Chapter 120. Death Cannot Injure Those Who Have Received the Grace of Regeneration.
But before a man can receive the commandment, it is necessary that he should live according to the flesh. But if once he has received the grace of regeneration, death shall not injure him, even if he should immediately depart from this life; for to this end Christ both died, and rose, and revived, that He might be Lord both of the dead and the living; nor shall death retain dominion over him for whom Christ freely died.
Chapter 121. Love is the End of All the Commandments, and God Himself is Love.
All the commandments of God, then, are embraced in love, of which the apostle says: “Now the end of the commandment is charity, out of a pure heart, and of a good conscience, and of faith unfeigned.” (1Tim1:5). Thus the end of every commandment is charity, that is, every commandment has love for its aim. But whatever is done either through fear of punishment or from some other carnal motive, and has not for its principle that love which the Spirit of God sheds abroad in the heart, is not done as it ought to be done, however it may appear to men. For this love embraces both the love of God and the love of our neighbor, and on these two commandments hang all the law and the prophets, we may add the Gospel and the apostles For it is from these that we hear this voice: The end of the commandment is CHARITY, and God is Love. Wherefore, all God’s commandments, one of which is, You shall not commit adultery, and all those precepts which are not commandments but special counsels, one of which is, It is good for a man not to touch a woman, are rightly carried out only when the motive principle of action is the love of God, and the love of our neighbor in God. And this applies both to the present and the future life. We love God now by faith, then we shall love Him through sight. Now we love even our neighbor by faith; for we who are ourselves mortal know not the hearts of mortal men. But in the future life, the Lord both will bring to light the hidden things of darkness, and will make manifest the counsels of the hearts, and then shall every man have praise of God; for every man shall love and praise in his neighbor the virtue which, that it may not be hid, the Lord Himself shall bring to light. Moreover, lust diminishes as love grows, till the latter grows to such a height that it can grow no higher here. “For greater love has no man than this, that a man lay down his life for his friends.” (Jn15:13) Who then can tell how great love shall be in the future world, when there shall be no lust for it to restrain and conquer? For that will be the perfection of health when there shall be no struggle with death.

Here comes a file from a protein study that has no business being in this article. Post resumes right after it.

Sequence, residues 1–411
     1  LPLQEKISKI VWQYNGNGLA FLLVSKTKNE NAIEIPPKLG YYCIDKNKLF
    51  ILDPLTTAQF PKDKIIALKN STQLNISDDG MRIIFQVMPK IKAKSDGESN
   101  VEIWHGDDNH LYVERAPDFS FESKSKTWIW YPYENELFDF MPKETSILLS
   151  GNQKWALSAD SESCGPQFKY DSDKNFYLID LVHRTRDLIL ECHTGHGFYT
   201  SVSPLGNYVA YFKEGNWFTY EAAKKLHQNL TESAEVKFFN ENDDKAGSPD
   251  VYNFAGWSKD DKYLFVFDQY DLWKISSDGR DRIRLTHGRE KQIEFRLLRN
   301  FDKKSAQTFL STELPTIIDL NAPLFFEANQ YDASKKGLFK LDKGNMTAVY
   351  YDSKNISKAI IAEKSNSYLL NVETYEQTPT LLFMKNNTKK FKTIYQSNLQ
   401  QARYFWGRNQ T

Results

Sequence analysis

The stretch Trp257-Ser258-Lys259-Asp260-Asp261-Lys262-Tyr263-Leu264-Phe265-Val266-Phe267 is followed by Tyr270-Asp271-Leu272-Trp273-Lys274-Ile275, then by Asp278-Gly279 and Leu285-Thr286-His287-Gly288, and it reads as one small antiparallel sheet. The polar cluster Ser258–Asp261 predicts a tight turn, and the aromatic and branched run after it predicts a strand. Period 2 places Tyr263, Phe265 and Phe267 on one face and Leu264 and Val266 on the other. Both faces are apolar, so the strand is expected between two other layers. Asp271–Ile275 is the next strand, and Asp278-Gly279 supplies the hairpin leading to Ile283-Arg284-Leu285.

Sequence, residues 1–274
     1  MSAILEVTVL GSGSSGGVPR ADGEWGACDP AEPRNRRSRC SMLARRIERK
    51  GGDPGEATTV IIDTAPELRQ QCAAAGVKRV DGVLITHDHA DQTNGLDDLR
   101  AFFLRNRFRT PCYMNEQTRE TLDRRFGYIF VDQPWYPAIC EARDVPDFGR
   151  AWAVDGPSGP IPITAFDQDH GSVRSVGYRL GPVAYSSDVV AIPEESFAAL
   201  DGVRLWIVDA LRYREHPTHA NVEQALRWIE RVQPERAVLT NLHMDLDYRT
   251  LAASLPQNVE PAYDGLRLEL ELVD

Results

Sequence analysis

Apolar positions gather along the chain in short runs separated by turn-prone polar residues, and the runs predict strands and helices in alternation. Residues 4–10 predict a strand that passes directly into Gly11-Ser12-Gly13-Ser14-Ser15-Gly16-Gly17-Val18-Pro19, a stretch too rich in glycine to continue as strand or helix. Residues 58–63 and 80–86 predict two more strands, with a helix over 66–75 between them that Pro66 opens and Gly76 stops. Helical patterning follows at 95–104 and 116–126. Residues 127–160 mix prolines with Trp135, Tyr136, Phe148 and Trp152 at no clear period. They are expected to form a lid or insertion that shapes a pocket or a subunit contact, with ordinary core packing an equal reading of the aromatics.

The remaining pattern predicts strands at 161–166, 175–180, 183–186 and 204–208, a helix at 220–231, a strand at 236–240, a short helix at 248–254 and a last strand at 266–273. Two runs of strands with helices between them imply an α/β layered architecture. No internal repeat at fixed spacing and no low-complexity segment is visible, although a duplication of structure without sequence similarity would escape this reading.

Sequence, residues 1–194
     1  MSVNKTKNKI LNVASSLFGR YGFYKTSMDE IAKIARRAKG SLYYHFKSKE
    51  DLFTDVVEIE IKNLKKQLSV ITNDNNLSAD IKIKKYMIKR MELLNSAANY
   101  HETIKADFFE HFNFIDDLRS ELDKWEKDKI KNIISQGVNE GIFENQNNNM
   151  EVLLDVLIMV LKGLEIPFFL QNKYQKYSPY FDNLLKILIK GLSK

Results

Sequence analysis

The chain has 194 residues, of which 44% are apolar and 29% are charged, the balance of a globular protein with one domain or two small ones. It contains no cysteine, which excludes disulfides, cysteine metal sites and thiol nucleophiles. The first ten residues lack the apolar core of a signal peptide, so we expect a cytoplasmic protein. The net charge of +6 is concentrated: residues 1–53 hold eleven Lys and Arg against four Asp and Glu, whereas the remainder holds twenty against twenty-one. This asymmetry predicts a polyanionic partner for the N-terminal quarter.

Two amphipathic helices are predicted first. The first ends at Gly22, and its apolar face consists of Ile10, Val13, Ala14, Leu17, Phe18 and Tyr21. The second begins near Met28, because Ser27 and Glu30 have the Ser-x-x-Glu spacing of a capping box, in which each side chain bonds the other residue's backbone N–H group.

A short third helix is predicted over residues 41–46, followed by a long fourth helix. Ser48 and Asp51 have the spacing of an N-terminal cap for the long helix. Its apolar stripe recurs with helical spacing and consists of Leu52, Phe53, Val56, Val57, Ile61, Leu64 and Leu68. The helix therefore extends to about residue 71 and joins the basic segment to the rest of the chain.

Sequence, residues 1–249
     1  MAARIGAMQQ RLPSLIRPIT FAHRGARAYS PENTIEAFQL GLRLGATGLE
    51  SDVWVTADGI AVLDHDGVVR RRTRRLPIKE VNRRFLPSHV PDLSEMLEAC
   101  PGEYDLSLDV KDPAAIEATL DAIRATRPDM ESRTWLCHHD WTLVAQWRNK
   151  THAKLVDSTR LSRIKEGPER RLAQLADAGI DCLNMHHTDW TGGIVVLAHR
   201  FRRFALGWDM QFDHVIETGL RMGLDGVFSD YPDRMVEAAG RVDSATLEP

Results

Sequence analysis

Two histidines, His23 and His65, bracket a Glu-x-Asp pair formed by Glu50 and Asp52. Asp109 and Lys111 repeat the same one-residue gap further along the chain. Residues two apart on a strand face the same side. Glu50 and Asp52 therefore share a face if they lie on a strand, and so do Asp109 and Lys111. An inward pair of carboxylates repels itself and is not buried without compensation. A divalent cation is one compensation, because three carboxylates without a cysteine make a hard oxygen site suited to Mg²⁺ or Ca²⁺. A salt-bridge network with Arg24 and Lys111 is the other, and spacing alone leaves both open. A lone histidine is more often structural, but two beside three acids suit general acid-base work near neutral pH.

Chapter 122. Conclusion.
But now there must be an end at last to this volume. And it is for yourself to judge whether you should call it a hand-book, or should use it as such. I, however, thinking that your zeal in Christ ought not to be despised, and believing and hoping all good of you in dependence on our Redeemer’s help, and loving you very much as one of the members of His body, have, to the best of my ability, written this book for you on Faith, Hope, and Love. May its value be equal to its length.